People v. Stanley — Case 01 GS 606306

Second Judicial District — Denver County

County Judge Robert Patterson
District Judge Robert Hyatt
Court of Appeals
Colorado Supreme Court
Hearing date: May 16, 2002
Matter before the bar: Whether the state and federal Constitutions supersede a municipal ordinance.

Rick Stanley tested the Denver gun-control ordinances on December 15, 2001, with reliance on the Second Amendment. He openly carried a gun during a rally in downtown Denver to show support for a citizen's right to protect themselves.

He was arrested for violating Denver Revised Municipal Code 38-117(b) that forbids the open carrying of a gun despite the clear wording of the Colorado Constitution that gives Colorado citizens the right to openly bear arms. Article II, Section 13 states:

County court — Case 01 GS 606306


Stanley's case was originally heard on May 16, 2002, in Denver County Municipal Court by Judge Robert Patterson. With Patterson's instructions, a jury found that Stanley was in violation of DRMC38-117.

District Court — Case 02 CV 6187


Stanley appealed the municipal court's ruling to district court on August 6, 2002. The conviction was affirmed by Judge Robert Hyatt in January, 2003.

Rick Stanley then went up to the Colorado Supreme Court on February 12, 2003.

Legislative action


During Rick Stanley's court battle over the right-to-carry issue the Colorado legislature passed, and the governor signed, two bills that put gun control under state authority. Senate Bill 03-24, a legislative declaration mandating uniform state standards for the issuance of concealed weapon carry permits under C.R.S. § 18-12-201 et seq. And SB 03-25 enacted C.R.S. § 18-12-105.6 that superceded Denver's ordinance on carrying firearms in private vehicles and, with C.R.S. § 29-11.7-101 et seq., put the regulation of firearms under state control except that local governments may prohibit open carry of weapons in specific buildings and places (C.R.S. § 29-11.7-104). Thus, Senate Bills 03-24 and 03-25 voided Denver's ordinance and affirmed the right of all Colorado citizens to keep and bear arms.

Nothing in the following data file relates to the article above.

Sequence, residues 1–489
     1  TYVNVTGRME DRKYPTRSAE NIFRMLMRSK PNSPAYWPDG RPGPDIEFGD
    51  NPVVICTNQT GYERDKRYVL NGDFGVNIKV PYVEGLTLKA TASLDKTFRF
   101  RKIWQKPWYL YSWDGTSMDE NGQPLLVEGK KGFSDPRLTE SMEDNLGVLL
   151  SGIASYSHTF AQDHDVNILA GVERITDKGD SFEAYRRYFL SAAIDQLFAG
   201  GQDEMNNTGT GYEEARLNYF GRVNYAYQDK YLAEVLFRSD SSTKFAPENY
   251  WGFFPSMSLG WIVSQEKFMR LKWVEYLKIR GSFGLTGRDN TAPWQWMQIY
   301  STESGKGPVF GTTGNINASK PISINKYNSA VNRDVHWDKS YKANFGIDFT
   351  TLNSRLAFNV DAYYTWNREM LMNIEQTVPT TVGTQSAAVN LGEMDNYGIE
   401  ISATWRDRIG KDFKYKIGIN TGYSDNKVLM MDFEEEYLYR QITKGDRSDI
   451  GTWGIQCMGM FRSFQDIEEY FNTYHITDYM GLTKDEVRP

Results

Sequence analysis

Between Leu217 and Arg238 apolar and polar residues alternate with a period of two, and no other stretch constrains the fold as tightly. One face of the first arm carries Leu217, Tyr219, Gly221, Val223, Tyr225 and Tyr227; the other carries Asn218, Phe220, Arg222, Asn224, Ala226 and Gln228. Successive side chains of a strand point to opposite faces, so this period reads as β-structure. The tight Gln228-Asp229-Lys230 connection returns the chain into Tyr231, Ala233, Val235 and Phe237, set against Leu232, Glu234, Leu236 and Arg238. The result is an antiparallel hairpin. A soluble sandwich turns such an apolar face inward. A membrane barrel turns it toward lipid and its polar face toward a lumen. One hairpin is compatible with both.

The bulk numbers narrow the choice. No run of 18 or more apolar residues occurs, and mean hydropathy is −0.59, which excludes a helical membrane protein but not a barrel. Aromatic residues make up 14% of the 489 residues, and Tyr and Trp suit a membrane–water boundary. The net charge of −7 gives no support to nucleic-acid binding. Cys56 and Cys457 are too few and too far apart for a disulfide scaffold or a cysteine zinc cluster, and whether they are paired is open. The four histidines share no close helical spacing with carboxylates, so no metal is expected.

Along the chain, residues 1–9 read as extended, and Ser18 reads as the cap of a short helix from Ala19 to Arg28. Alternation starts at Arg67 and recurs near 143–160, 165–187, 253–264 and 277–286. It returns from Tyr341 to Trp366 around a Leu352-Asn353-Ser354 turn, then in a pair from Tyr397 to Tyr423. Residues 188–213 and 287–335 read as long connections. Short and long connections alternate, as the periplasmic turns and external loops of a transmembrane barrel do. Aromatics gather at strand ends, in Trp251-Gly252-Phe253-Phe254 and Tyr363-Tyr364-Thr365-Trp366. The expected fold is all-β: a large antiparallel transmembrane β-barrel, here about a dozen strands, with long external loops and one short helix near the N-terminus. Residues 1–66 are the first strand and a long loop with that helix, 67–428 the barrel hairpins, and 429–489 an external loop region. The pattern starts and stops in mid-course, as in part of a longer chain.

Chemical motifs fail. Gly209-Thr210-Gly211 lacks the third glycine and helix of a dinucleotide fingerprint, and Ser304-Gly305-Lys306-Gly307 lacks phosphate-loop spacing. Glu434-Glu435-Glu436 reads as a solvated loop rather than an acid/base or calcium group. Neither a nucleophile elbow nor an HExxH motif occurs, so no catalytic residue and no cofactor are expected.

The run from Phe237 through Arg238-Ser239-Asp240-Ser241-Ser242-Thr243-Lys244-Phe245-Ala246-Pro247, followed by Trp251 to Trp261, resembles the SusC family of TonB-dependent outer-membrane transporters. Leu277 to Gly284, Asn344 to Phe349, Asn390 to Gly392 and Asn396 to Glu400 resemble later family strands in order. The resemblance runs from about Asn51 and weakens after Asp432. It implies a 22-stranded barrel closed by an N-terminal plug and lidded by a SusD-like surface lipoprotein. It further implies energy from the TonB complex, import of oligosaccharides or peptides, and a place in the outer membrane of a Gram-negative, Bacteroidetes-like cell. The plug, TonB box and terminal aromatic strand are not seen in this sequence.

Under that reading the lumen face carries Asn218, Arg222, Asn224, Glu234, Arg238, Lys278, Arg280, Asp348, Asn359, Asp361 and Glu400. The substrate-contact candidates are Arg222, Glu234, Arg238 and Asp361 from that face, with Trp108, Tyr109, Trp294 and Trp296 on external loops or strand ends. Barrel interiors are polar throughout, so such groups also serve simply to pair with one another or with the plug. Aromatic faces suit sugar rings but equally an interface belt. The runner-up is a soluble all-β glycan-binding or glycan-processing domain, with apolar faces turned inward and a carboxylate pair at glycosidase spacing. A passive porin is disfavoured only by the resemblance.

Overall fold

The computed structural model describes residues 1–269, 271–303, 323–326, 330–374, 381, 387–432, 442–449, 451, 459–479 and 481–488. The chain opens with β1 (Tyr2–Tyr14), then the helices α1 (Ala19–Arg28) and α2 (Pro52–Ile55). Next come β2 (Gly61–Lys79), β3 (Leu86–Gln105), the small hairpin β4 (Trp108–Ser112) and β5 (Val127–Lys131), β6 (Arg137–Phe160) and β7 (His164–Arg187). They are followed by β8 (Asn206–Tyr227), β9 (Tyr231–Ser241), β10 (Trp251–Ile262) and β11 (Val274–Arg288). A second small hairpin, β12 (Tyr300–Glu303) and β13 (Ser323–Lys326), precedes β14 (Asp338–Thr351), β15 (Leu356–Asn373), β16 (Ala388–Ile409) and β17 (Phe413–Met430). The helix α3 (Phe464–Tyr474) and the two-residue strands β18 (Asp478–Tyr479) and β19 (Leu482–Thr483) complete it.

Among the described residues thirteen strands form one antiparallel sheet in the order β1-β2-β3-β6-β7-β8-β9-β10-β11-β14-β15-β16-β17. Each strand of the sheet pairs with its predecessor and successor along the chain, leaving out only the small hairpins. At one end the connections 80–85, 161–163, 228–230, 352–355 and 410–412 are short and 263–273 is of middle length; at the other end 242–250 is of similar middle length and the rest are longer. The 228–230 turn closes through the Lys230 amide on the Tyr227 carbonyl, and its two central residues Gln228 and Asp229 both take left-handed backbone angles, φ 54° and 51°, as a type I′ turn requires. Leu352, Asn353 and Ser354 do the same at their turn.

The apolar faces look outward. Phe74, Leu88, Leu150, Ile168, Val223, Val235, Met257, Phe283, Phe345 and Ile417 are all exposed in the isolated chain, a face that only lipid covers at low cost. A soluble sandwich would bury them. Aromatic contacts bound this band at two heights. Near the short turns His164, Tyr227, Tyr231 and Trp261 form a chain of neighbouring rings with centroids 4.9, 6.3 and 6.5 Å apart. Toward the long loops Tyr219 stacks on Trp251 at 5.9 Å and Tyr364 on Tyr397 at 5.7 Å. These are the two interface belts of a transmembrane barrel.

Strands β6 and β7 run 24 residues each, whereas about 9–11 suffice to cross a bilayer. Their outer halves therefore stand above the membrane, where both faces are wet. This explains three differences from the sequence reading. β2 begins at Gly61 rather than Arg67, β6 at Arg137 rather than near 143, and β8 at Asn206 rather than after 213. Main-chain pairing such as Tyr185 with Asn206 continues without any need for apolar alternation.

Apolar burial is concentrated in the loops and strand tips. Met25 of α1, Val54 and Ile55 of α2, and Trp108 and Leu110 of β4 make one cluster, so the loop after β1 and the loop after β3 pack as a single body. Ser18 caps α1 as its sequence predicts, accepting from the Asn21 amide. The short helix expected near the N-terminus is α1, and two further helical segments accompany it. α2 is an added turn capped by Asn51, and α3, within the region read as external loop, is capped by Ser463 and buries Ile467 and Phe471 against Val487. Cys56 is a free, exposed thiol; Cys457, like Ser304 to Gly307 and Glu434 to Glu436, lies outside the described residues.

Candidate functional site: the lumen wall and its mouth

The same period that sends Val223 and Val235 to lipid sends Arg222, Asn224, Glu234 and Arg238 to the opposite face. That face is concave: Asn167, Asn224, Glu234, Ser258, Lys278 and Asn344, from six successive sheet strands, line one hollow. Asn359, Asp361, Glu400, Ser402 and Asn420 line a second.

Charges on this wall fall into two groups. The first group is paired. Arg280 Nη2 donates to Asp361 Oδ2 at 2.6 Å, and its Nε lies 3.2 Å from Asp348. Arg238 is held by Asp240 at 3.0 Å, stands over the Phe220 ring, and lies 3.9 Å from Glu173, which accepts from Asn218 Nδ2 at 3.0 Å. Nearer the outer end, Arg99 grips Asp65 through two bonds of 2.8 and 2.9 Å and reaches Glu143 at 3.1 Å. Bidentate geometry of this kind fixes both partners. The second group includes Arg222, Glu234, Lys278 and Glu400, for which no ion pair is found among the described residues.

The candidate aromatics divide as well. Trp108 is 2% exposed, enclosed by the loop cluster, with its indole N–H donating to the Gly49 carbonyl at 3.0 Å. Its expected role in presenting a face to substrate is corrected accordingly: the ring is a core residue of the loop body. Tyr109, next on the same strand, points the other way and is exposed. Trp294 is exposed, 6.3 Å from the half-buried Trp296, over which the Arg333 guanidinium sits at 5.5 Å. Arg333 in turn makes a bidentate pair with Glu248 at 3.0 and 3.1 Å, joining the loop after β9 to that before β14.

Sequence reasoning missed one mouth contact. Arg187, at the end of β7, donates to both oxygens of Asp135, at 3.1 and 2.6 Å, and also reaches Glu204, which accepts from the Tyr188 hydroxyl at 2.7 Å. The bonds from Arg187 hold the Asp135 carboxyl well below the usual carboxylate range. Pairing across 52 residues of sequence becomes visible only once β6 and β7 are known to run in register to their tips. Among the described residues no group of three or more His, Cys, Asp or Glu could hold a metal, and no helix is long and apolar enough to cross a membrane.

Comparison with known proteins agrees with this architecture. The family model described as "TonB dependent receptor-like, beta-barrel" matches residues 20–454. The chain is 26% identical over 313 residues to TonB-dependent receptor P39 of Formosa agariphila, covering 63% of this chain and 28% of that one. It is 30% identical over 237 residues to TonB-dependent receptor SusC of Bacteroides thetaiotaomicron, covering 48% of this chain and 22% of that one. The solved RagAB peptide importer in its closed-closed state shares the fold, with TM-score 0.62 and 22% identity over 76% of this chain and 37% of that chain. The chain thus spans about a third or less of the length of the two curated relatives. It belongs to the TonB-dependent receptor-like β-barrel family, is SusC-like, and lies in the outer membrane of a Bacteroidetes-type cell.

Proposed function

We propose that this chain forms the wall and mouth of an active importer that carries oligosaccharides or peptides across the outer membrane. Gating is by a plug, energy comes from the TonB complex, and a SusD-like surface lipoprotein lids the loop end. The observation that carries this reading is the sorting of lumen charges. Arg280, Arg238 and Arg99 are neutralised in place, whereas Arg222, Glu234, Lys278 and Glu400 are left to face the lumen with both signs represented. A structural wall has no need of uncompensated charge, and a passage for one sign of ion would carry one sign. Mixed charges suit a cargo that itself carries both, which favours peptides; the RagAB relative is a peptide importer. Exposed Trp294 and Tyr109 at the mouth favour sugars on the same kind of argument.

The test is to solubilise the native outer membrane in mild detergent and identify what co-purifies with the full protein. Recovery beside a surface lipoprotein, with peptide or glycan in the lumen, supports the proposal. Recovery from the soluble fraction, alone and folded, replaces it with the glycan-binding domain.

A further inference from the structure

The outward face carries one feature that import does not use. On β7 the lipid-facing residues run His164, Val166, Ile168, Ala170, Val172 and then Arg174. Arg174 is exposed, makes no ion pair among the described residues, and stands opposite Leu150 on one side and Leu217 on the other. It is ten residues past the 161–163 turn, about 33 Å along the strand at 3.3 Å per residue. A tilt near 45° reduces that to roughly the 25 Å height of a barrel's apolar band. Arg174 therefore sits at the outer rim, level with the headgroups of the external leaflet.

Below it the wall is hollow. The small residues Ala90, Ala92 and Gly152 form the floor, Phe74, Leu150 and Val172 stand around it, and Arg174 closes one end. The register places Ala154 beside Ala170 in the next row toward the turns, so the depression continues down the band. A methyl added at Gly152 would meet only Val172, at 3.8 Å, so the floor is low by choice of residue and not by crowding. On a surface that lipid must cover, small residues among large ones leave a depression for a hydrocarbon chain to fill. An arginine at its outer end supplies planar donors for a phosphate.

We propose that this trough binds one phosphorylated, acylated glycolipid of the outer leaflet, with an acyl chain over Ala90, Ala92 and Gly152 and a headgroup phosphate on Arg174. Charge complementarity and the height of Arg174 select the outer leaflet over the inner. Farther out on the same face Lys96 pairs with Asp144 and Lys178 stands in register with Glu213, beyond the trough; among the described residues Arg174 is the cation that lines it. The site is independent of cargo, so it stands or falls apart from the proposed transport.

The City and County [or kingdom] of Denver then sued the State of Colorado (03 CV 3809) as infringing on their "home rule" rights.

Despite the passage of Senate Bills 03-24 and 03-25, Denver District Judge Robert Hyatt refused to reconsider his ruling affirming the conviction and held that "home rule" and "municipal law" supercedes the laws and Constitutions of the State of Colorado and the United States of America.

Denver City and County must not be part of America in that their judges and government do not consider themselves subject to Constitutional guarantees of civil liberties.

The trial of Denver's case against Colorado is set for August 30, 2004. That case can be followed by going to and searching the records under City & County of Denver, et. al. vs. State of Colorado, 2003 CV 3809.

But who will get to decide if a Denver ordinance supercedes the state and federal Constitutions?

Another Denver judge.

Colorado Supreme Court — 03 SC 114


The Supreme Court affirmed the lower court findings by denying certiorari on May 19, 2003.

The Relevant Law

How Robert Patterson and Robert Hyatt Corrupted the Constitution

U.S. Constitution — Second Amendment

A well regulated Militia, being necessary to the security of a free state, the right of the people to keep and bear Arms, shall not be infringed.

Colorado Constitution — Article II Secton 13

The right of no person to keep and bear arms in defense of his home, person and property, or in aid of the civil power when thereto legally summoned, shall be called in question; but nothing herein contained shall be construed to justify the practice of carrying concealed weapons.

C.R.S. § 29-11.7-101 et seq.

Senate Bill 03-25 superseded by state law local control of gun regulations.

The Denver Courts, supported by the Colorado Supreme Court, have simply voided these amendments and the mandates of the Colorado legislature.

The case was remanded back to Denver County Court, Judge Patterson.

On August 14, 2003, in Dever County Court Robert Patterson sentenced Rick Stanley to 6 months in jail and fined him $629 for demanding and defending his Constitutional rights.

Governor Bill Owens denied clemency.


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Last updated 3/19/04